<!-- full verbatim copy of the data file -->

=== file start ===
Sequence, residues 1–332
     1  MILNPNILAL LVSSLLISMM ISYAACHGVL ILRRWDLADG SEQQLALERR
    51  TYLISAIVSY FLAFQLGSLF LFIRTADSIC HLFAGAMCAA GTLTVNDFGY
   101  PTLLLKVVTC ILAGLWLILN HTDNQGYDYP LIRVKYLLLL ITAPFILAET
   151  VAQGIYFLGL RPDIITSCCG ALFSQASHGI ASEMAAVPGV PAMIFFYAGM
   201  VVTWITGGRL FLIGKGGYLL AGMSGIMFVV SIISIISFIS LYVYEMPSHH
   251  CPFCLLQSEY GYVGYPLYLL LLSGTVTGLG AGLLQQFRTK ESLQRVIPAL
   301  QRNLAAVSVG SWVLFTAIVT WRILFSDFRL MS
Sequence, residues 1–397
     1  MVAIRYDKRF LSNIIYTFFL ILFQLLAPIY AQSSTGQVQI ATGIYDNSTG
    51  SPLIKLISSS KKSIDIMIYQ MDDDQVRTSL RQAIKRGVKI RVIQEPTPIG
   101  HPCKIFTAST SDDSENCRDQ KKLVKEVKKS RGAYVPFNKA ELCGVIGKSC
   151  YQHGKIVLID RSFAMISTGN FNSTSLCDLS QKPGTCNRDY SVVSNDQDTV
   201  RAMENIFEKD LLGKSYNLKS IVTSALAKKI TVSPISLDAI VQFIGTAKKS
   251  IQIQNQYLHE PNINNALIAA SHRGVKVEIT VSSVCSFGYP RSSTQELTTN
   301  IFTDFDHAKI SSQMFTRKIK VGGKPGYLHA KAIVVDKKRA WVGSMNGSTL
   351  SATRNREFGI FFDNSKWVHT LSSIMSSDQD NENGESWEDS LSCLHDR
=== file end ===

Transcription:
Sequence, residues 1–332
     1  MILNPNILAL LVSSLLISMM ISYAACHGVL ILRRWDLADG SEQQLALERR
    51  TYLISAIVSY FLAFQLGSLF LFIRTADSIC HLFAGAMCAA GTLTVNDFGY
   101  PTLLLKVVTC ILAGLWLILN HTDNQGYDYP LIRVKYLLLL ITAPFILAET
   151  VAQGIYFLGL RPDIITSCCG ALFSQASHGI ASEMAAVPGV PAMIFFYAGM
   201  VVTWITGGRL FLIGKGGYLL AGMSGIMFVV SIISIISFIS LYVYEMPSHH
   251  CPFCLLQSEY GYVGYPLYLL LLSGTVTGLG AGLLQQFRTK ESLQRVIPAL
   301  QRNLAAVSVG SWVLFTAIVT WRILFSDFRL MS
Sequence, residues 1–397
     1  MVAIRYDKRF LSNIIYTFFL ILFQLLAPIY AQSSTGQVQI ATGIYDNSTG
    51  SPLIKLISSS KKSIDIMIYQ MDDDQVRTSL RQAIKRGVKI RVIQEPTPIG
   101  HPCKIFTAST SDDSENCRDQ KKLVKEVKKS RGAYVPFNKA ELCGVIGKSC
   151  YQHGKIVLID RSFAMISTGN FNSTSLCDLS QKPGTCNRDY SVVSNDQDTV
   201  RAMENIFEKD LLGKSYNLKS IVTSALAKKI TVSPISLDAI VQFIGTAKKS
   251  IQIQNQYLHE PNINNALIAA SHRGVKVEIT VSSVCSFGYP RSSTQELTTN
   301  IFTDFDHAKI SSQMFTRKIK VGGKPGYLHA KAIVVDKKRA WVGSMNGSTL
   351  SATRNREFGI FFDNSKWVHT LSSIMSSDQD NENGESWEDS LSCLHDR